Photo: Flickr user lifeontheedge

Friday, May 09, 2008

Marketing, damnit!

The ideas behind the open source movement are very powerful.

How powerful?

So powerful that if a competent marketing team -- people who ordinarily churn out boring beer commercials -- are asked instead to create a commercial for Linux or Wikipedia, they can make something mindblowingly inspiring without breaking stride.

That doesn't happen very often because open source projects are broke. But when it does happen, you get stuff like this 2003 ad:

link, if you can't see the embed

After watching that, I want to marry the open source movement and have its children. This is the kind of power your typical corporation has to shape public perception; usually it's spent trying to get you to increase your detergent consumption.

Now some Texas design students have created a mock ad campaign for Wikipedia, complete with magazine ads, a T-shirt, posters, etc. It so utterly fucking rocks.

The artistic vision:

"Many people tend to view Wikipedia as an unreliable source of information because anyone can edit entries on the website.

Our concept was to present an everyday person as an "expert" on a specific subject in order to show that whether the information comes from a university professor or from an avid gamer, it is still reliable.

Each piece shows a straight view of each persona and a mind map of their thought process. We felt this approach humanizes the experience of Wikipedia."


Andrew Lih hits all the bases on the Moller affair -- and will presumably do a kick-ass radio show tomorrow. llywrch has also left some illuminating comments, both here and at Andrew's blog.

I avoided talking about the PR consequences of keeping Moeller on the staff, and about his essays, because I wanted to stick to stuff that can't be argued about.

Suffice it to say that I think the grounds for dismissing Erik are overwhelming even without considering PR. With PR, the board would have to be raving mad to keep him on. So I'm a little taken aback by some comments suggesting he should stay.

Thursday, May 08, 2008

Ohio Country

I ripped Concharto a new one on tuesday, both here and via email.

Now they've actually taken some of my advice! Cool. (Hiding the sidebar improves things about a thousandfold.)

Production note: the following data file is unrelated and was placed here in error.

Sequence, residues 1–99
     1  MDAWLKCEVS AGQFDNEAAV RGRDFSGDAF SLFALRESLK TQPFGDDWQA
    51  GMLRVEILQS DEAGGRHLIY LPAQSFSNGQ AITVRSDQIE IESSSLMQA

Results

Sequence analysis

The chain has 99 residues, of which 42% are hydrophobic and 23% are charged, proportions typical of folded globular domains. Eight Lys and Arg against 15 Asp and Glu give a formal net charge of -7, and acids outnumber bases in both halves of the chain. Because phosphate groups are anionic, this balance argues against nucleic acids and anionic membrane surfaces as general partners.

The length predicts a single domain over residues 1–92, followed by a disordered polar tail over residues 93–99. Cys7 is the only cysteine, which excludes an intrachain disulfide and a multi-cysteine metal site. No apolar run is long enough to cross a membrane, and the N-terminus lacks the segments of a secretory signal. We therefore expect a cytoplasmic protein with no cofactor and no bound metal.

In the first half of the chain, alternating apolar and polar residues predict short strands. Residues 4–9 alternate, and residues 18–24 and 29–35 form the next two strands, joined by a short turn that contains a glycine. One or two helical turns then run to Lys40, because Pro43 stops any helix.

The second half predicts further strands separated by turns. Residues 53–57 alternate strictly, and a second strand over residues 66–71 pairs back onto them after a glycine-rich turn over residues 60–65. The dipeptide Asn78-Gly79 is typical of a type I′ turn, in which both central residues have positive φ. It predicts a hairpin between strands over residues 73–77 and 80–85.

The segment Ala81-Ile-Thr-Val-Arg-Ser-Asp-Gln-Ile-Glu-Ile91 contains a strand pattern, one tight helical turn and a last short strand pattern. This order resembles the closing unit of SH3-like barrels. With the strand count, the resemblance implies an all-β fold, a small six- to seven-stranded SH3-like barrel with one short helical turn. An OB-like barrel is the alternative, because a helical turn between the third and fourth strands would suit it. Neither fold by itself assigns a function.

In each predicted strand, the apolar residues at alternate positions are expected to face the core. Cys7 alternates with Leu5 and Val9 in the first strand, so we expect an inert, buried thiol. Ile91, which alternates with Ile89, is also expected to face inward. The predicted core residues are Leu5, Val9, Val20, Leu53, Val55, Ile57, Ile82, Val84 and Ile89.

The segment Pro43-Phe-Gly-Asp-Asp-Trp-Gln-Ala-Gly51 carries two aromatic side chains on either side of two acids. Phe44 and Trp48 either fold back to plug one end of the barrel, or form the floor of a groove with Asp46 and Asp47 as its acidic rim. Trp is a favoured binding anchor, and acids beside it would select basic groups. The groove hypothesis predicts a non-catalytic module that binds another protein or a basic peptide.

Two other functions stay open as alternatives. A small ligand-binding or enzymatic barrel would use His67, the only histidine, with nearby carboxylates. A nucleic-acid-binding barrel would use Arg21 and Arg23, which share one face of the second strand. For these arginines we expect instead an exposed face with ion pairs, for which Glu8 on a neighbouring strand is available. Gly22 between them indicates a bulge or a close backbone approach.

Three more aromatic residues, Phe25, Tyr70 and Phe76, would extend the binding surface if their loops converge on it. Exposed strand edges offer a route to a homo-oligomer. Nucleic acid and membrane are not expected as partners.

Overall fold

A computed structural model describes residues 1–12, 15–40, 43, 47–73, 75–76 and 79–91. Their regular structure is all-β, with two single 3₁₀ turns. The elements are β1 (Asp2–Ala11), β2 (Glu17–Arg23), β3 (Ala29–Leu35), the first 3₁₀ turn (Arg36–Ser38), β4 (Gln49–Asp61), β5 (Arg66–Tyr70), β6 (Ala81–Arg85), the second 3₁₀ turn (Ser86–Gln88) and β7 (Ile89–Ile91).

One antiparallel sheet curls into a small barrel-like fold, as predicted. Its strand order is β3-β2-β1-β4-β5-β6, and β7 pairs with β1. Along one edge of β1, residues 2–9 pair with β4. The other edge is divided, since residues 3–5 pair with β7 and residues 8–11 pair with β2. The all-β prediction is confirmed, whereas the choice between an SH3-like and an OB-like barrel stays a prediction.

The end of Erik Möller (and of the mailing lists?)

I don't read danny wool's blog anymore. But nobody else is talking about an incredibly troubling image and some correspondingly troubling writing posted by wikimedia foundation bigwig Erik Möller.

By nobody, I mean nobody. Moller is one of the most powerful people in the foundation (or was, until this happened), but there's been no mention of this whatsoever on the very busy mailing lists -- total, deafening silence. Impossible silence, actually.

Say it with me: "When you censor discussion forums, people stop using them." This is not China; there are other outlets. (In this case, traffic flows to Danny Wool, which is probably not what the list moderator intended.)

(Update: apparently the Foundation list is not being moderated. Color me surprised.)

This whole episode makes me sick at heart about many things, including the foundation's ability to choose good leadership. I think I'm going to take a short wikivacation.

Wednesday, May 07, 2008

Hypergraphia, Pyromania, Pyrophilia, Trichotillomania. (Chorus! ♬We didn't start the fire... ♫)

Via this category, via whoever reached this blog by searching for "Pyrophilia wiki". They probably just wanted to find the wikipedia article, but I'd really prefer to believe they were looking for a pyrophilia-themed wiki.

Best name for a logical fallacy ever.

Tuesday, May 06, 2008

Concharto is a geographic wiki for documenting historical events -- think wikimapia times ten.

It also has a pretty noble goal:

When Leo Tolstoy wrote “War and Peace” in the 1860’s, he sprinkled it with whole chapters of rants against the historians of the day. His complaint was that they viewed history solely as a progression of major events precipitated by “great men”. Instead, he argued, history is a much more complicated progression of cause and effect driven by small events. In one of his more philosophical moments, he proposed applying the scientific method to history, asserting that a complete understanding of an event could be obtained by slicing that event into smaller and smaller pieces, in exactly the same way that a math student performs integral calculus.

While not actually creating a calculus of history, Concharto does attempt to slice history into smaller pieces.

But the interface is confusing and cumbersome in the extreme. It's built on top of google maps, and inherits its interface elements in all of their general-purpose bulk. No, no, no, no, no. You want something that looks like this.

As things stand, the interface imposes so much cognitive drag that the application (which should be awesome, and has plenty of functionality) isn't very fun at all. Here's hoping it improves over time.

(hat tip for the russia map)

Erik Moeller is the Wikimedia Foundation's deputy director and possibly its most powerful member (alongside Sue Gardner, the grownup in residence).

Wikipedia Weekly talked to him last week, but Erik is a fastidiously thorough politician, which makes him a rather boring interview subject. I sat through the whole 40 minutes so you don't have to.

The takeaway: the Foundation seems to be finding its legs. It's paying cheap-ish rent in San Fran, reaching out to the general public (insofar as that exists in silicon valley), and hoping eventually to be known as the Red Cross of information. I'm actually impressed with the way things seem to be going, organizationally. Now get us a stats machine.